The results that follow were obtained from microcanonical molecular-dynamical simulations of a single realization of the system defined in (2), considering fixed values for the number of rotators  and energy per particle , so that the total energy  is a constant. To integrate the  equations of motion in (3), we have used the Yoshida -order symplectic algorithm YoshidaPLA1990YoshidaCMDA1993 (), choosing an integration step in such a way to yield a conservation of the total energy within a relative fluctuation always smaller than . At the initial time, all rotators were started with ; moreover, each momentum  was drawn from a symmetric uniform distribution , and then rescaled to achieve the desired energy , as well as zero total angular momentum , which also is a constant of motion. As verified by many authors (see, e.g., Refs. EttoumiFirpoPRE2013 (); BachelardKastnerPRL2013 (); CirtoAssisTsallisPA2014 ()), the model in Eq. (2) exhibits a QSS for and , after which, a crossover to a state whose temperature coincides with the one obtained within BG statistical mechanics AntoniRuffoPRE1995 (); CampaGiansantiMoroniJPA2003 () occurs; herein we explore further properties of this model for the energy .

(a) Momentum
(b) Energy
Figure 1: Distributions of time-averaged momenta and energies (with ) for , in , and dimensions. The simulations were carried for the energy per particle and total number of rotators . (a) Distribution is shown []; the full line is a -Gaussian with  and ; the dashed line is a Gaussian . The left inset shows the same data in a -logarithm versus squared-momentum representation; a straight line is obtained as expected (since ). (a) The full line represents the -exponential , with (, , and ); the corresponding exponential (dashed line) is also shown for comparison. Since the density of states is necessary to reproduce the entire range of data, the parameter was introduced in the fitting. The bottom inset shows a straight line by using the -logarithm in the ordinate. The kinetic temperature , and time window  along which the time averages were calculated, coincide in both cases (shown as insets). In all plots one notices the collapse of all dimensions with nearly the same value of .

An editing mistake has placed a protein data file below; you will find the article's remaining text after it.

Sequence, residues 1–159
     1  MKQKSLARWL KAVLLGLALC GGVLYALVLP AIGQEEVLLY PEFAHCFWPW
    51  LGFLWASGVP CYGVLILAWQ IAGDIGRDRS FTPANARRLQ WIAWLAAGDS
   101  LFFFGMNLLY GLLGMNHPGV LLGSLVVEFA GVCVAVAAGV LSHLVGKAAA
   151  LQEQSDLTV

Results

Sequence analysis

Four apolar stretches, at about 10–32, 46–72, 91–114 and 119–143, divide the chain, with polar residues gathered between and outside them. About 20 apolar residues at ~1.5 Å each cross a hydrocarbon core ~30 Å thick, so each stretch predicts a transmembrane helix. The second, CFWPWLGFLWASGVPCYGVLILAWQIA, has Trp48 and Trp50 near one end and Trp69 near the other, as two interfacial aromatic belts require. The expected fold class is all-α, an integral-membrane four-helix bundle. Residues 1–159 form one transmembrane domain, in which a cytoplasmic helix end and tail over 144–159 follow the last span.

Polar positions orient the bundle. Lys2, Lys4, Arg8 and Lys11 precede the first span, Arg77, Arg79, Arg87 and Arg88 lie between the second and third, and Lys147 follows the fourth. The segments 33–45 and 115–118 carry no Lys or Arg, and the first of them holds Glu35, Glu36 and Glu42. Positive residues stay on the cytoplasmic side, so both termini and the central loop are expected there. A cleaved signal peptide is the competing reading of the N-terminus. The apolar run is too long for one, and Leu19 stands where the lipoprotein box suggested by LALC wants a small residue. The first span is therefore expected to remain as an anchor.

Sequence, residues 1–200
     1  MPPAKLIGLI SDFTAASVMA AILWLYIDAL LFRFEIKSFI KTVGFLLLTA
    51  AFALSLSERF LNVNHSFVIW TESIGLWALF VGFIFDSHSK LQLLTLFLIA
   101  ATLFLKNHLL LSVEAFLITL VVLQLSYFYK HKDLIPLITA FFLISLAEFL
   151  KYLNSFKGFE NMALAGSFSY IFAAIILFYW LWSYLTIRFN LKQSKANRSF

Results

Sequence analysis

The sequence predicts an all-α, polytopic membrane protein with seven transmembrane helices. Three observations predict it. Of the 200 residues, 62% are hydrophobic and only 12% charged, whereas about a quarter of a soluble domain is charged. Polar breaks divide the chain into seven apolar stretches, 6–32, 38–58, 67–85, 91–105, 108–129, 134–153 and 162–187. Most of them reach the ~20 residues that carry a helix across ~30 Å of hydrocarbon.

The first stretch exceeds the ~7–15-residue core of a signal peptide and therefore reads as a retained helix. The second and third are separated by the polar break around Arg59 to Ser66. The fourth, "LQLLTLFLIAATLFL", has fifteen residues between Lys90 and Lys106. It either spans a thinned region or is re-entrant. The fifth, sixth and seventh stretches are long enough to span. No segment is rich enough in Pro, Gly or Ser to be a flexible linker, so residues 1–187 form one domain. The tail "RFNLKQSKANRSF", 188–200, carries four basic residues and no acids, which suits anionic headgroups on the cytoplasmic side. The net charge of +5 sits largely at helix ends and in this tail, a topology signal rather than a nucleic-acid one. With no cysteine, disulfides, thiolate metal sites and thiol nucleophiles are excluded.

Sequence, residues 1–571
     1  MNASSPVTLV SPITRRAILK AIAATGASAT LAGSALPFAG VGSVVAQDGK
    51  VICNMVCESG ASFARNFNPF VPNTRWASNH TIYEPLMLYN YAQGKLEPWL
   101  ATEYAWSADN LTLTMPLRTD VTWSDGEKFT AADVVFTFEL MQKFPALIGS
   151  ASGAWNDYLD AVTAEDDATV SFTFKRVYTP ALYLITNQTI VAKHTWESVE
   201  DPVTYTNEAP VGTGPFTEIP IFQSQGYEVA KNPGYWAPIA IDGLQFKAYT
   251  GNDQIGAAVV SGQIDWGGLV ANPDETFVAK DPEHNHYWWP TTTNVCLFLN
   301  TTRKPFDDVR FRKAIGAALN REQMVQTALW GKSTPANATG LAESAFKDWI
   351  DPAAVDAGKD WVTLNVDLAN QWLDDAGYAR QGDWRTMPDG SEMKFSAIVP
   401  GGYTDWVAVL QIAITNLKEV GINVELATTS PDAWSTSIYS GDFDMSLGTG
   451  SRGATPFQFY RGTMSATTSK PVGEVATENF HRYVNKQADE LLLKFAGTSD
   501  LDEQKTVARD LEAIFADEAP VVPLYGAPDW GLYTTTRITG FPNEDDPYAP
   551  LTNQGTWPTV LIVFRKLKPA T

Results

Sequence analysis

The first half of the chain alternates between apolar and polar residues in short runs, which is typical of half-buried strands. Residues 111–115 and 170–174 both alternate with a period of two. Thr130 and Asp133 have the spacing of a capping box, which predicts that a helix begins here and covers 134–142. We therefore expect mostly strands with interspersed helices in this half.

In Fig. 1 we present results for distributions of momenta [Fig 1(a)] and energies [Fig 1(b)] of the model on hypercubic lattices ( and 3), in the long-range regime, more specifically, . In the insets on the right-hand sides we show the time evolution of the kinetic temperature , as well as the time interval considered for the histograms. These distributions were calculated by registering times, e.g., the momenta  (), at successive times separated by an interval , and then, following the Central Limit Theorem recipe, the arithmetic average was obtained, leading to a histogram of these arithmetic averages. Notice that such a recipe yields precisely a time average in this case (associated with the time window ), a situation that frequently corresponds to real experiments. In order to improve the statistics of the histograms, we have considered rather large systems, up to , for a single numerical realization in each dimension . Curiously, although the kinetic temperature coincides with the BG prediction, the momentum distribution is quite distinct from a Gaussian; indeed, due to the long-range nature of the interactions, the resulting distribution exhibits a -Gaussian form, as already observed in previous  works PluchinoRapisardaTsallisEPL2007 (); PluchinoRapisardaTsallisPA2008 (); CirtoAssisTsallisPA2014 (); Fig 1(a) extends these investigations to higher dimensions. Repeating the foregoing procedure to the one-particle energies  [cf. Eq. (2)], the distributions in Fig 1(b) are obtained. One sees that a -Gaussian emerges as the distribution of momenta (instead of a Maxwellian), whereas a -exponential appears for the energies (instead of the exponential Boltzmann weight). The results of Figs. 1(a) and 1(b) are clearly out of the BG world and in close agreement with the predictions of -generalized statistical mechanics.